Senior politicians, former ambassadors, top business leaders and lawyers will lead special teams into US government agencies to prepare the ground for Barack Obama’s presidency, his office said.
An army of specialists — including senior members of former president Bill Clinton’s administration — is set to fan out across in the Treasury, State Department and Pentagon.
Even the White House will be scrutinized as the 450-strong transition team goes through more than 100 departments and agencies.
“The Agency Review teams will complete a thorough review of key departments, agencies and commissions of the United States government as well as the White House,” the Obama team said in a statement.
The aim is to provide Obama and his vice president, Joe Biden, “with information needed to make strategic policy, budgetary and personnel decisions prior to the inauguration.”
Facing two wars and the worst economic crisis since the Great Depression of the 1930s, Obama wants to be able to implement policy changes as soon as he becomes president on January 20.
Obama has made it clear that the faltering economy will be his top priority.
So far Obama has only named his White House chief of staff, Rahm Emanuel, but there has been fierce speculation as to who might occupy key posts in Treasury, State and the Pentagon.
Heading up the Treasury agency review will be former Treasury staffer Josh Gotbaum, who now serves as an advisor to investment funds focusing on restructuring.
World leaders are preparing to descend on Washington starting Friday for a summit of the Group of 20 rich countries and major developing economies, called by Bush and dedicated to finding ways to reform the global finance system.
But those eager to meet the president-elect will be disappointed: Obama will not be attending the talks, respecting a long-standing convention that there can only be one president at a time.
Instead, former secretary of state Madeleine Albright and former Republican congressman Jim Leach will stand in for Obama and meet foreign delegations on the sidelines of the talks.
“This weekend’s summit is an important opportunity to hear from the leaders of many of the world’s largest economies,” said senior Obama foreign policy advisor Denis McDonough in a statement.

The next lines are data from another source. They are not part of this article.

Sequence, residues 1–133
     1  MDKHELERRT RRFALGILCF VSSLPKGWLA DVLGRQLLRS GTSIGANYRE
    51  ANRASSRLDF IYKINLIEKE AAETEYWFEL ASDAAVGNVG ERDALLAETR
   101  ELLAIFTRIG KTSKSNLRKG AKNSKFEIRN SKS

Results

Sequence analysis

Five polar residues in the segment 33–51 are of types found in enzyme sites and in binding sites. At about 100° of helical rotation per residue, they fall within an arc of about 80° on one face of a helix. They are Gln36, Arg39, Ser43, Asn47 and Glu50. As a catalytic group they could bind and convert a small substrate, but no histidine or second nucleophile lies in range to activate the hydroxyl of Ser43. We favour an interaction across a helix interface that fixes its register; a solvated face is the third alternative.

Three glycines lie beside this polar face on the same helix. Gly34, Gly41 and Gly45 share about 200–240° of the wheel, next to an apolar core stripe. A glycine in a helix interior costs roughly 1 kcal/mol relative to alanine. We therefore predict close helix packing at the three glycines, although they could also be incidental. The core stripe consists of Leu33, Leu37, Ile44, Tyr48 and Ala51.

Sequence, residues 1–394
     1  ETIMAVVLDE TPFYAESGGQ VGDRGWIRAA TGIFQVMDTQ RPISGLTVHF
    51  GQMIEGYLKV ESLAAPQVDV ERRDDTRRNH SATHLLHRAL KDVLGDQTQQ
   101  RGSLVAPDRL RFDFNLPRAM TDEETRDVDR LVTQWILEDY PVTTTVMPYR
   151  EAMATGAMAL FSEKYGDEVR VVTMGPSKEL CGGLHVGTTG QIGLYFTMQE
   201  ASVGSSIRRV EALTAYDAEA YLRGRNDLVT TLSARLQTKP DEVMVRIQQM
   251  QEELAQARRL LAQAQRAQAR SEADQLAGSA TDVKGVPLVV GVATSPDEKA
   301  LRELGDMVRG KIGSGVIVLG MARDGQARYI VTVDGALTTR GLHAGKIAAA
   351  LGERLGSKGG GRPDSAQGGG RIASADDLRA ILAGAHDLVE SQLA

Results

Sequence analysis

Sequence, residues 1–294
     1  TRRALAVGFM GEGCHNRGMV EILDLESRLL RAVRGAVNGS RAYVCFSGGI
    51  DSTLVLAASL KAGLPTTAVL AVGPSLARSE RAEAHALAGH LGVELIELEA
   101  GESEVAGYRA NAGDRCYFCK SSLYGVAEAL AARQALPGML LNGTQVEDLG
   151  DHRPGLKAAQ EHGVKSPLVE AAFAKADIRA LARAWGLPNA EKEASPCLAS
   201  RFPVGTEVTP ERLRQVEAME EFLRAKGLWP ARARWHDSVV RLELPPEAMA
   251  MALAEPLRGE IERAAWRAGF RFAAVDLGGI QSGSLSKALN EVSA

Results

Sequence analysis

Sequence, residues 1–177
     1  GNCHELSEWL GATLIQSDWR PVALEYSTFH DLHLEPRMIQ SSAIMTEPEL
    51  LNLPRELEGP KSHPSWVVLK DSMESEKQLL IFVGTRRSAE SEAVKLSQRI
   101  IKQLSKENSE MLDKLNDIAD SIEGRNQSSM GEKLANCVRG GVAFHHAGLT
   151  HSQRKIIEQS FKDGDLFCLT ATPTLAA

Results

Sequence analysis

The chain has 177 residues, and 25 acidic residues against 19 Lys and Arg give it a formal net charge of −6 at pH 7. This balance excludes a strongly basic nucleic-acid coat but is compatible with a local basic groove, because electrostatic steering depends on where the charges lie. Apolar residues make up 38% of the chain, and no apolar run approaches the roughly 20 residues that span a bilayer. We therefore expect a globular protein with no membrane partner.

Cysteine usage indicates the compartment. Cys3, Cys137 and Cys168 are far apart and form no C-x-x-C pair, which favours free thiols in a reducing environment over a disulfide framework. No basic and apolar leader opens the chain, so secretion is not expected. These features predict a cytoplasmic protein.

With the wars in Iraq and Afghanistan also high on the agenda, Obama named former assistant secretary of state for public affairs under Clinton, Tom Donilon, to head up the State Department review team.
At the Pentagon, John White, former deputy secretary of defense from 1995 to 1997, will be in charge of the transition probe.
The Pentagon’s missile defense chief Trey Obering said Wednesday he was looking forward to reporting to Obama that the US anti-missile system was “workable,” and to setting the president-elect’s mind at ease.
“Our testing has shown not only can we hit a bullet with a bullet, we can hit a spot on a bullet with a bullet,” the lieutenant general told reporters by teleconference.
Obering is set to step down at the end of November, but his boss Defense Secretary Robert Gates has been silent on rumors that Obama may be thinking about asking him to stay on.
Some changes in a new Obama administration are already taking shape.
When he takes office, Obama will lift a freeze on funding for global family planning programs imposed by the outgoing Bush administration, Democratic lawmaker Carolyn Maloney told reporters.
“We are about to see major cultural change in Washington,” Maloney said.
Obama won backing from an unexpected quarter on Wednesday, when defeated Republican vice presidential candidate Sarah Palin told CNN she would be honored to help Obama in any way, if called upon.
“It would be my honor to assist and support our new president and the new administration, yes,” she said.
US Vice President Dick Cheney will meanwhile welcome vice-president elect Joe Biden and his wife, Jill, for a private meeting at his official Naval Observatory residence on Thursday, Cheney’s spokeswoman Megan Mitchell said.